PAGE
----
I've been pondering a little philosophical exercise today about truth and honesty. I promise this post is not about my in-laws! But it is something my in-laws have said to me a few times in the past during our problems and D just mentioned it again to me the other day. It is something to the effect that I am too honest, or that I somehow "get off" on honesty, or that I put being honest/or otherwise what I would consider "right" on a higher priority than relationships.
Since it is an honest criticism of me, and I try to see what I can take and grow from that. But the whole thing just confuses me. And maybe I am just incredibly dense. I mean be critical of my tact, of my diplomacy, of my patience, of my timing--all of which well and truly suck at times. But I don't get the whole being honest as a means to jeopardize the relationship thing. How can being honest be mutually exclusive from caring about relationships? How can you actually choose one over the other like a multiple choice test? For starters, lets be clear here. I am not totally honest. I lie like the rest 'uv ya. Little white lies or lies of omission to spare feelings. Lies of laziness so I don't have to explain myself. When I was younger, I could tell real whoppers just to have something interesting to say. But probably because of that, and the times I got caught on it, I have really been uber-sensitive to being honest. To me, honesty and truth are the goals we want to achieve. Truth isn't only a tool to get to a healthy relationship, truth equals love. When you open yourself up for someone to see the whole, real you...and you, them...you allow them to love you in your entirety...and you, them.
Is there ever a circumstance when truth is not the goal? In any facet of life? I don't know. I'm pondering...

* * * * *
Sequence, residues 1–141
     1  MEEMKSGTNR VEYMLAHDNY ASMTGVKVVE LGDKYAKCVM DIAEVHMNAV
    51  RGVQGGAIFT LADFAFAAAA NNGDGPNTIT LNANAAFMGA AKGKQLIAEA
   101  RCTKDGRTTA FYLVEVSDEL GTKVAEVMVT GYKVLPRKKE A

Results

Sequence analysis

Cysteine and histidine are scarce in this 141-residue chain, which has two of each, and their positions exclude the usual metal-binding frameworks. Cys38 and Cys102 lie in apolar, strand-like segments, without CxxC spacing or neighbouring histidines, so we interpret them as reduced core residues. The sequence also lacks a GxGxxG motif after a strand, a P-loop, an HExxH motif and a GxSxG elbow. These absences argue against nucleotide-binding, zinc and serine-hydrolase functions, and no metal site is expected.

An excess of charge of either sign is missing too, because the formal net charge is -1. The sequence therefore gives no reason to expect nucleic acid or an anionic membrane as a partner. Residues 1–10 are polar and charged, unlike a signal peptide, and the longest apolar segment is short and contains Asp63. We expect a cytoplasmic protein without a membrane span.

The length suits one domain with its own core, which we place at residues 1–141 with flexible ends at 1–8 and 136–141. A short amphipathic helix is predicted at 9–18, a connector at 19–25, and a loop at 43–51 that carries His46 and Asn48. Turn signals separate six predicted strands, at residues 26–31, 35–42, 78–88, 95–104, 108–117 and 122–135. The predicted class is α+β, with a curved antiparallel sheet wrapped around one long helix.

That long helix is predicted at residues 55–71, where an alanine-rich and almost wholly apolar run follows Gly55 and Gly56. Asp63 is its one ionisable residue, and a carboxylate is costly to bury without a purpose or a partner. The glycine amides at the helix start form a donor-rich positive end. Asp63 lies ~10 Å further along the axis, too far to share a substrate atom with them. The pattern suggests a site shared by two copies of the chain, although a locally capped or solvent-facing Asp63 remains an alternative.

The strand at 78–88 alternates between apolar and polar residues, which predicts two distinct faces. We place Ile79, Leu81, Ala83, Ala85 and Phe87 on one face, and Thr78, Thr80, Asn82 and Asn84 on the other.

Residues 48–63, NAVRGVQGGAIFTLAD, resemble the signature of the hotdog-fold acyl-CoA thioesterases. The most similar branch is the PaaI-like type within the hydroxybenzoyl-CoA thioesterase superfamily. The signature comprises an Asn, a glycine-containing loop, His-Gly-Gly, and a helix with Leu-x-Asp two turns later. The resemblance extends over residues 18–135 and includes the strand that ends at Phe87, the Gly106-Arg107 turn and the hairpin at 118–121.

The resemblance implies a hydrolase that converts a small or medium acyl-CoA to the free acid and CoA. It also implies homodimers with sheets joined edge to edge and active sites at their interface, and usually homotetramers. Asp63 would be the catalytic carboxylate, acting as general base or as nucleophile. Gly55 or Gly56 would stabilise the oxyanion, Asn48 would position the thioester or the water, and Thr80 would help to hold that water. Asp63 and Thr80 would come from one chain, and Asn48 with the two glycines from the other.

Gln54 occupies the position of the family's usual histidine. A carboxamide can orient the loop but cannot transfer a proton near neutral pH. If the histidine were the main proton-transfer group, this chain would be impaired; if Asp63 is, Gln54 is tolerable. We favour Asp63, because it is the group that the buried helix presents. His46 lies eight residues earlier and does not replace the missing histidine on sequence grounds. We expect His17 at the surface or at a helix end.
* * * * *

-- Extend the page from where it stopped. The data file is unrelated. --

Of course there is the example of your friend, about to go on a date, who is excited about her new dress which you hate. She asks you if you like her dress. If you know her well, you may know that what she is really saying is, "I'm so excited about this date and this dress and I want to share it with you!" Or, "I'm nervous and I need you to boost my confidence!" She's probably not really asking whether you like the dress. Why is your opinion of her dress even that relevant? You can either give her what she really wants: Shared excitement or a confidence boost, "You look so excited and happy that you just shine with beauty!" "You always look beautiful when you wear something that shows your own personal style." You can even be honest, "Well, that dress wouldn't work for me but I'm glad you like it!" Or, maybe, if you've really cut through the crap and you're really close, you are lucky enough to understand that each of you have entirely different tastes and you will joke to each other about it: "Oh, you know how I LUV when you dress up in pink ruffles! You look like a dime store bridesmaid-turned-ho!" (When you get to that level of friendship, isn't that just the best?) And because you have an honest relationship, you may also know when she really, really values your opinion on the ACTUAL dress itself. Like she is getting ready for a job interview and How do I look? really means How do I look? Be brutally honest because I don't want to screw up this interview and I need your input. Honesty is the only way to get to these places in a friendship. Otherwise, you may hang out, but you sorta reach a stagnancy at some point. We all have these, I think they are called long-term aquintances.